How Short Selling on a Stock Can Inform Your Day Trading
The short interest ratio is an indicator of stock price pressure — up or down — resulting from short sell positions held in that company’s stock. If the short interest is high, then the security price is likely to go up. Likewise, if short interest is low, there will be little buying pressure in the near future.
Short selling is a way to make money if a security falls in price. In the options and futures markets, one simply agrees to sell a contract to someone else. In the stock and bond markets, short selling is a little more complicated.
The short seller borrows stock or bonds through the brokerage firm and then sells them. Ideally, the price will fall, and then the trader can buy back the stock or bonds at the lower price to repay the loan. The trader keeps the difference between the security’s selling price and its repurchasing price.
People take the short side of a position for only one reason: They think that prices are going to go down. They may want to hedge against this, or they may want to make a big profit if it happens. In the stock market in particular, monitoring the rate of short selling can give clues to investor expectations and future market direction.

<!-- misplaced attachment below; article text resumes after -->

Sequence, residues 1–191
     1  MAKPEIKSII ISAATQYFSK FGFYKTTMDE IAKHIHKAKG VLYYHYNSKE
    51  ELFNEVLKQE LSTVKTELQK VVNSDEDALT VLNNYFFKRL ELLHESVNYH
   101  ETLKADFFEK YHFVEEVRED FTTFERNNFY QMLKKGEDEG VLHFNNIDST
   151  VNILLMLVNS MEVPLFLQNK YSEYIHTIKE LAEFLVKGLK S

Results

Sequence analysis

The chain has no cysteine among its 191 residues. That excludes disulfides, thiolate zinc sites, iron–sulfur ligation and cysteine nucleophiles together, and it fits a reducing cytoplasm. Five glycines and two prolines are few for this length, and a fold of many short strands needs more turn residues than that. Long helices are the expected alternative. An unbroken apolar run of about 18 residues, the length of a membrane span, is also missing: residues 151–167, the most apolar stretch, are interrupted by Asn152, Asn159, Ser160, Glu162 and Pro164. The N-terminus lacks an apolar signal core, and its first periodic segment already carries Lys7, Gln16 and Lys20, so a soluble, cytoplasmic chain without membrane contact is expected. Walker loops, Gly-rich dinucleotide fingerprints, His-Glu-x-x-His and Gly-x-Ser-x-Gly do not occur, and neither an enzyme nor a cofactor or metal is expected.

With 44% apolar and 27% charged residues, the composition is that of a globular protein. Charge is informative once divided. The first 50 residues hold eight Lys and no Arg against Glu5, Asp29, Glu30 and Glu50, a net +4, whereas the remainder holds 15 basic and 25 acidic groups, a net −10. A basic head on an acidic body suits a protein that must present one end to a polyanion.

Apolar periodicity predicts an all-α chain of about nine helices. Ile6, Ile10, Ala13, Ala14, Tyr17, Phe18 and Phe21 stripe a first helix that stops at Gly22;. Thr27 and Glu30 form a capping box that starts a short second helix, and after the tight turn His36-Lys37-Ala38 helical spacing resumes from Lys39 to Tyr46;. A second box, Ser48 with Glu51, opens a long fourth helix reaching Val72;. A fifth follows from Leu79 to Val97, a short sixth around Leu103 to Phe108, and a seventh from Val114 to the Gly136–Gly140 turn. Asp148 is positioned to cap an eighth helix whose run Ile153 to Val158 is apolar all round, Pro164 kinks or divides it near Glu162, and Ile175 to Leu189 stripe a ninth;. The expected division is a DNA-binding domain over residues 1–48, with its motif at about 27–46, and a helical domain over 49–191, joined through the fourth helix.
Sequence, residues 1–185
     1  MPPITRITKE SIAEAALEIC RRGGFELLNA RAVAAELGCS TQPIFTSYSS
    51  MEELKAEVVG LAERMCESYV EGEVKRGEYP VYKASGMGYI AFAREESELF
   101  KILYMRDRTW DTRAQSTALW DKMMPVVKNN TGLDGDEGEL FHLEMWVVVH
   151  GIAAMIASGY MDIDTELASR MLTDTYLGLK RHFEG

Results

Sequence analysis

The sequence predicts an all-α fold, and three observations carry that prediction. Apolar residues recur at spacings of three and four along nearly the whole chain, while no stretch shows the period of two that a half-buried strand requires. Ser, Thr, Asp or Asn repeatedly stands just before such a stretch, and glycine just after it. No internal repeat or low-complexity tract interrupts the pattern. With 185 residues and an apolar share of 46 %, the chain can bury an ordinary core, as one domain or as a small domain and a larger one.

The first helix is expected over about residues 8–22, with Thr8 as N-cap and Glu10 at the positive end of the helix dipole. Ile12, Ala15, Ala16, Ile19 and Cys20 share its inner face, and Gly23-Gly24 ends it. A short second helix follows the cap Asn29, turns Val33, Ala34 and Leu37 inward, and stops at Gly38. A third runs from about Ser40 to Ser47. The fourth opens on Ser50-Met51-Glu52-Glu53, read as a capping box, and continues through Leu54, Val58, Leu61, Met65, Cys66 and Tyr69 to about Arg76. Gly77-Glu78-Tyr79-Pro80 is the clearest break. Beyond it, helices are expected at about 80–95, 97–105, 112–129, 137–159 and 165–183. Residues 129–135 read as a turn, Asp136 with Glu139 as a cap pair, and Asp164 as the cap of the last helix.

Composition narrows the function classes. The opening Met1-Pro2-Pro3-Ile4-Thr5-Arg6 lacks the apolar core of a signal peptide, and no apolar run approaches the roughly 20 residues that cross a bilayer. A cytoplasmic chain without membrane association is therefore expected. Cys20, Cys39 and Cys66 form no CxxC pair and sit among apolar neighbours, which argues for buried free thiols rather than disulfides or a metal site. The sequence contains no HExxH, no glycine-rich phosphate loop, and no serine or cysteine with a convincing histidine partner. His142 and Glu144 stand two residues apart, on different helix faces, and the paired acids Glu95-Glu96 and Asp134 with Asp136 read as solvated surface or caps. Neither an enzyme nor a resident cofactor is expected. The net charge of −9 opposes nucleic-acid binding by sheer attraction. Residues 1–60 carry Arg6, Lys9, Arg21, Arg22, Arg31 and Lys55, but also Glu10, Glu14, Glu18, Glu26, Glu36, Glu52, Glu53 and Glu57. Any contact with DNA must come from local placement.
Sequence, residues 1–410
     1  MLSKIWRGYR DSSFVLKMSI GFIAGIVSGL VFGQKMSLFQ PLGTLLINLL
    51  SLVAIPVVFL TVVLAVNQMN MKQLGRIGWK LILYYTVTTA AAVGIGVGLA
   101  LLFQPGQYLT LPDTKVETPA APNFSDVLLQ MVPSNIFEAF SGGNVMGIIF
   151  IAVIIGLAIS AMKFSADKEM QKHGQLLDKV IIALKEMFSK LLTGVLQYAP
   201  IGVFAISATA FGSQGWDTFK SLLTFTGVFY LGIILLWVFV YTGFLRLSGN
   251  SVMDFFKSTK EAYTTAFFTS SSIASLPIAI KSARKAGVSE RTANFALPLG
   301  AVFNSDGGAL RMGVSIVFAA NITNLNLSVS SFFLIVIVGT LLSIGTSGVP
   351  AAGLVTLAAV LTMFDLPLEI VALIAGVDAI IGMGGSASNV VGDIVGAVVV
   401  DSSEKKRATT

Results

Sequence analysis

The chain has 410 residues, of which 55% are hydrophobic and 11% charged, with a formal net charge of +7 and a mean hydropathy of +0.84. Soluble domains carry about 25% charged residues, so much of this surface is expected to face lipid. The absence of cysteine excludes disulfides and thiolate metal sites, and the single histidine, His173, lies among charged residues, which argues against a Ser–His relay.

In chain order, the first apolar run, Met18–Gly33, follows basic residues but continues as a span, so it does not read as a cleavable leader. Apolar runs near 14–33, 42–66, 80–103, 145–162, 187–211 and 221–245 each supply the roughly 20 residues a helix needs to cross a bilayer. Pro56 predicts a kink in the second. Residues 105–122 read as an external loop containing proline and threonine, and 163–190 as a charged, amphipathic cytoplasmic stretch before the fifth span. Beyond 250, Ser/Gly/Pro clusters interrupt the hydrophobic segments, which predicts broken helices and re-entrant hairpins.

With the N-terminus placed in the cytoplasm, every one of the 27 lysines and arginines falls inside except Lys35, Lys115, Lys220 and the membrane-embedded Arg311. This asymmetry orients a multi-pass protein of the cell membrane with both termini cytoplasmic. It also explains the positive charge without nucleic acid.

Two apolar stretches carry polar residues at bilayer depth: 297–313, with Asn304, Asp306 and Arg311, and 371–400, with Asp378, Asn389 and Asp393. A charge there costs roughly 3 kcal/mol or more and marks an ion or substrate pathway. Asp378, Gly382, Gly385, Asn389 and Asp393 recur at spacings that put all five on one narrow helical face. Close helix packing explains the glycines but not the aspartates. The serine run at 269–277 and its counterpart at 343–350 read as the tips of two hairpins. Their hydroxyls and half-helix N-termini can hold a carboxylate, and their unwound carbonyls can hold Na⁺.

The New York Stock Exchange and NASDAQ report the short interest in stocks listed with them. The data are updated monthly, as it can take a while for brokerage firms to sort out exactly how many shares have been shorted and then report that data to the exchanges.
The resulting number, the short interest ratio, tells the number of shares that have been shorted, the percentage change from the month before, the average daily trading volume in the same month, and the number of days of trading at the average volume that covering the short positions would take.
The loans that enable short selling have to be repaid. If the lender asks for the securities back or if prices go up so that the position starts to lose money, the trader is going to have to buy shares to make repayment. The harder it is to get the right number of shares in the market, the more desperate the trader will become, and the higher prices will go.
An increase in short interest shows that investors are becoming nervous about a stock. However, given that short interest is not calculated frequently, the number would probably not give a trader a lot of information about the prospects for the company itself.
This doesn’t mean short interest doesn’t carry a lot of useful information for traders. It does. If the short interest is high, then the security price is likely to go up when all the people who are short need to buy back stock. Likewise, if short interest is low, there will be little buying pressure in the near future.
High short interest, along with other bullish indicators, is a sign that prices are more likely to go up than down in the near future.